Our economic weakness is of our own making
Date Released: Mon, 13 October 2014 10:24 +0200
Instead of blaming our low growth on external forces, we need to face up to the truth that our economic weakness is of our own making.
AFTER decades of poor economic performance, sub-Saharan Africa’s growth is taking off. In the International Monetary Fund’s (IMF’s) latest projections, the region will grow 5.1% this year and 5.8% next. Only Asia will grow faster.
Sub-Saharan Africa grew only 2.5% a year in the 1980s and 1990s. Growth jumped to 5.5% in 2002 and, if the IMF forecasts are accurate, annual growth from 2002-19 will have bettered 5% every year bar two.
Sub-Saharan Africa’s performance stands in stark contrast to sluggish growth in developed countries. As a result, investors are looking at Africa with new enthusiasm. Foreign firms are investing in factories, infrastructure and property across the continent and pension funds are looking for ways to invest in African-based companies.
Some have questioned whether Africa’s faster growth is sustainable. How much of the improved performance since 2002 was merely due to booming commodity prices? In this view, higher prices for Africa’s exports and the resultant investment in new mines and oil production have driven Africa’s growth. When commodity prices weaken, Africa’s inherent weaknesses will be revealed.
To test whether this higher growth is sustainable, Rhodes University graduate student Sibongile Zulu compared the drivers of its growth with those identified in the World Bank’s 2008 Growth Report as necessary for sustained, rapid growth. The Growth Report examined 13 economies that maintained growth of more than 7% a year for more than 30 years after the Second World War and suggested they shared five characteristics.
The fast-growing economies were all outwardly oriented — they exported to large global markets and imported what they needed. They maintained macroeconomic stability — inflation and budget deficits were relatively low. In all the economies, investment exceeded 25% of gross domestic product (GDP) and was funded by savings at a similar level. No example of a sustained high investment path was not backed up by high domestic savings.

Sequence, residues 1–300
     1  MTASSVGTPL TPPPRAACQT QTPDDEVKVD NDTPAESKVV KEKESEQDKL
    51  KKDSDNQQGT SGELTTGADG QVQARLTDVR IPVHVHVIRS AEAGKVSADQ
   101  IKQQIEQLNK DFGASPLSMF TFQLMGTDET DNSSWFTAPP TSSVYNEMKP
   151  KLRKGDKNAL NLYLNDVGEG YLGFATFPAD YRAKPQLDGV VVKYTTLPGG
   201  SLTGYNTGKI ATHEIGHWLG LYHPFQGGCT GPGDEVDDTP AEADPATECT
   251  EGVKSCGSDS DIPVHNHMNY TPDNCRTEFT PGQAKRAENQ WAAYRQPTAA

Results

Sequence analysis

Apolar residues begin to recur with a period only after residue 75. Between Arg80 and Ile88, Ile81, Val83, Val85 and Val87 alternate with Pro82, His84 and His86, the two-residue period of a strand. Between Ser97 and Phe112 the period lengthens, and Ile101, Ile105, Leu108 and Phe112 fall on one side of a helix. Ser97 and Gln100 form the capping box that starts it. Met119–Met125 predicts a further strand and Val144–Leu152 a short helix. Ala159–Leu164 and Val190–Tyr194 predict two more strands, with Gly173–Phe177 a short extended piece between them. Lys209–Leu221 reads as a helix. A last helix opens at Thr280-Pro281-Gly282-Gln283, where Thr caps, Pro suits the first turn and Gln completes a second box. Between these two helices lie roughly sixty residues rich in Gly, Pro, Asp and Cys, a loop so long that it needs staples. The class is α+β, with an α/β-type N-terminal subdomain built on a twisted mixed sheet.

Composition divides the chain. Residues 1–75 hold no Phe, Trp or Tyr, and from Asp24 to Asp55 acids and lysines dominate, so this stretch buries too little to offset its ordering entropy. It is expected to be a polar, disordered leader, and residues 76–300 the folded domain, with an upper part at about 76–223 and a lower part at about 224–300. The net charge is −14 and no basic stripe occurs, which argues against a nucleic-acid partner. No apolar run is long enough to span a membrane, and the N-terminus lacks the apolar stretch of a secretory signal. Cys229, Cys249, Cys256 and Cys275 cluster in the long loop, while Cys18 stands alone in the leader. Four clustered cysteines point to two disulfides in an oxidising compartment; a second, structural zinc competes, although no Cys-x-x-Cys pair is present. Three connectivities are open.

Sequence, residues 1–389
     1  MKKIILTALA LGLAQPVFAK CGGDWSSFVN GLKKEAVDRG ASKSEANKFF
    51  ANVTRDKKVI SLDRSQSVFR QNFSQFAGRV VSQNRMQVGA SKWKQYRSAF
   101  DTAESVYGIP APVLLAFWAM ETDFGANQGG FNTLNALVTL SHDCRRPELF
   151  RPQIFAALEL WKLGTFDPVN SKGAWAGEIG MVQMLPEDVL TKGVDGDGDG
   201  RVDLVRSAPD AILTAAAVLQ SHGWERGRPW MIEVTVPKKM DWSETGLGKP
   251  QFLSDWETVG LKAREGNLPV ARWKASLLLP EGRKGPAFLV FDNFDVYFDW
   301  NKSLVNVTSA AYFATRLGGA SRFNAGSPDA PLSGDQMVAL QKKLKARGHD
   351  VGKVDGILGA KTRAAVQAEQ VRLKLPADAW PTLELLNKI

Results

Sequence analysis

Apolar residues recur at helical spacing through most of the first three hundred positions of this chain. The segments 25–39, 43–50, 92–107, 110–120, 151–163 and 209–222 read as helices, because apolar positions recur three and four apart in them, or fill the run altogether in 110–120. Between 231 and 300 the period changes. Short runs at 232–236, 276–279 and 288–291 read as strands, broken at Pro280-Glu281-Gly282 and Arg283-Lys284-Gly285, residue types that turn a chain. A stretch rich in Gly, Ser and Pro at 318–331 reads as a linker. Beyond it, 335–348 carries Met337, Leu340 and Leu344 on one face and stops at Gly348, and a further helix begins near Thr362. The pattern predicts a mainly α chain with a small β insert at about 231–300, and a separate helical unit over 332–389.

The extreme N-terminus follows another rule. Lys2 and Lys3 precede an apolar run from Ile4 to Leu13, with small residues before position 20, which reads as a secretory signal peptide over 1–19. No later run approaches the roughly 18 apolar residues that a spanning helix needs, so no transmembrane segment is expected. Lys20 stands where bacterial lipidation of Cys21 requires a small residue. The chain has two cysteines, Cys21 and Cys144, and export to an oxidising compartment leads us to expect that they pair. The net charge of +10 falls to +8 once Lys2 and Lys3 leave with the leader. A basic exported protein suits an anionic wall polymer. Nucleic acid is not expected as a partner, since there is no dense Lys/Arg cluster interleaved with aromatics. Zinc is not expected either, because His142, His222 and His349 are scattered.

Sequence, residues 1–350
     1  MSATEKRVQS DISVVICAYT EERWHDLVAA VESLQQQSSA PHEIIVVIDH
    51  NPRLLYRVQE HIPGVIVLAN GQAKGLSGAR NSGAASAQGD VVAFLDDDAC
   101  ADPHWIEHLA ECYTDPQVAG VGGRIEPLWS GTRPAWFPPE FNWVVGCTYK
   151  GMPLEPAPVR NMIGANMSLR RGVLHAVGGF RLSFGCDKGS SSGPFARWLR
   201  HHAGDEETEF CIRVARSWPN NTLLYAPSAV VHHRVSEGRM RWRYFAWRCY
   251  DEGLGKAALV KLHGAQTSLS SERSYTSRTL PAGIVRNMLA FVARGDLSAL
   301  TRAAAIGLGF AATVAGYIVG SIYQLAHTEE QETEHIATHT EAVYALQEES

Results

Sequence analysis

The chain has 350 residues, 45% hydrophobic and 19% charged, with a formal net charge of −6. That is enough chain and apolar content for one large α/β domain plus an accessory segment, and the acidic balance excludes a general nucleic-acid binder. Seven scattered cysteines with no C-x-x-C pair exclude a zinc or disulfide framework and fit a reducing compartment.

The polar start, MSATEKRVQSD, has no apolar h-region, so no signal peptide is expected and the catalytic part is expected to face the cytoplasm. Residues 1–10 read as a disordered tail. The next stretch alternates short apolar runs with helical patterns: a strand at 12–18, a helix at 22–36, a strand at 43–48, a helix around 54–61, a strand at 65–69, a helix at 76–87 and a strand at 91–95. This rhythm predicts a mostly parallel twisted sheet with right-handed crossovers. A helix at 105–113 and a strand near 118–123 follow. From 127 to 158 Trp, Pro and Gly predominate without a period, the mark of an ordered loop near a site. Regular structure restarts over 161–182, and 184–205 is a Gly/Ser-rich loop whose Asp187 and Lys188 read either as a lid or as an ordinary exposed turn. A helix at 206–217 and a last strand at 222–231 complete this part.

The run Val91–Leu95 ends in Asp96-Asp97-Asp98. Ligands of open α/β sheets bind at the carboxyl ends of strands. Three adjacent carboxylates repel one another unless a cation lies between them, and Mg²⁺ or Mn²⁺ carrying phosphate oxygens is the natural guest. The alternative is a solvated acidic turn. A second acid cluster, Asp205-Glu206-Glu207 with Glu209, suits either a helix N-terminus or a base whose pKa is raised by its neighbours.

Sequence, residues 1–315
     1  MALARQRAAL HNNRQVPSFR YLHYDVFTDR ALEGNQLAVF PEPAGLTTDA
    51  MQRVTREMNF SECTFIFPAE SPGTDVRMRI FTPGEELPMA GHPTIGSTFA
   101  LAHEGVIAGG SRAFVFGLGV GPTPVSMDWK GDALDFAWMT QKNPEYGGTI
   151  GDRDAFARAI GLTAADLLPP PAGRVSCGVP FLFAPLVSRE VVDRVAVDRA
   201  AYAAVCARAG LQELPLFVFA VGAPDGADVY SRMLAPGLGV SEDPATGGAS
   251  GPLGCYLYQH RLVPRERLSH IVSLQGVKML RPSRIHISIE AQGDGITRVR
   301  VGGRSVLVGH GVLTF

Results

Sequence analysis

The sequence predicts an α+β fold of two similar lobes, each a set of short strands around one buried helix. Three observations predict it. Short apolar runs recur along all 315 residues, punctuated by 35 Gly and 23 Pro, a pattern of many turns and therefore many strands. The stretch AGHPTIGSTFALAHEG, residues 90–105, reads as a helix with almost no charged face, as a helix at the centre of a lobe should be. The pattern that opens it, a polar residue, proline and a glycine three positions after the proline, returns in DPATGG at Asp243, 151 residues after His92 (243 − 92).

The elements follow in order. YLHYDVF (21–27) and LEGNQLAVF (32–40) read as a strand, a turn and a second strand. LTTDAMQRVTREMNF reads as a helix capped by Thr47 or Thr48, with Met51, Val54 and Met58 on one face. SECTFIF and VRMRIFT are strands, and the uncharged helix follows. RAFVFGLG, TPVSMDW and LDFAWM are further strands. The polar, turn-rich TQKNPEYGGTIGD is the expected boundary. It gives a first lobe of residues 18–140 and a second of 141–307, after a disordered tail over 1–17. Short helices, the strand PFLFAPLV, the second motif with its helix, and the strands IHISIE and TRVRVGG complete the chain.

Finally, successful countries let markets allocate resources and all had committed, credible and capable governments.
To what extent are these conditions met in Africa? Zulu examined 29 of its largest economies (excluding SA) and found faster growth since 2002 had been accompanied by increased openness to trade, lower inflation and lower budget deficits. The requirements identified by the Growth Report were therefore all met. Investment had risen to more than 24% of GDP, just below the 25% the report suggests was necessary for sustained rapid growth. This bodes well for the future sustainability of growth. Africa’s growth is not being driven by unsustainable increases in consumption but by investment in infrastructure, factories and mines.
Measuring how well markets allocate resources and the commitment and credibility of governments is more difficult. For those countries for which data are available, Africa’s performance has improved in terms of measures such as the World Economic Forum’s global competitiveness index.
The principal weakness, Zulu finds, is that Africa’s savings have lagged well below the increase in investment. More than one-third of Africa’s investment is funded by foreign investment inflows or foreign loans. Such funds have been readily obtainable because of low global interest rates and high liquidity generated by expansionary monetary policy in the developed countries. But should such funds dry up, Africa’s ability to sustain high levels of investment may be threatened. Some evidence from Asian economies show that higher savings follow higher growth. This may yet be the case in Africa, but savings patterns should be carefully monitored to see whether faster growth will be sustainable.
A worry for the future is that commodity prices are falling while inequality is rising. Falling commodity prices could put pressure on Africa’s exports and reduce inflows of direct investment. Rising inequality could lead to social unrest. Policies must, as they did in Asia, simultaneously promote growth and reduce inequality. Rapid increases in productive employment are important for this outcome to be achieved.
Perhaps the most striking thing about Africa’s improved growth is it has occurred despite woeful growth of the region’s second-largest economy, SA. The IMF expects SA to grow only 1.4% this year and 2.3% next. SA’s policy makers often blame our low growth on poor global economic circumstances. But rapid growth in the rest of Africa shows this cannot be true. The IMF expects that only four sub-Saharan African countries will grow slower than SA. It expects our future growth to be a sluggish 2.7% by 2019.
Instead of blaming our low growth on external forces, we need to face up to the truth that our economic weakness is of our own making. We would do well to look to the rest of Africa for what we should be doing.
Keeton is with the economics department at Rhodes University.
Article by: Gavin Keeton
Article Source: Business Day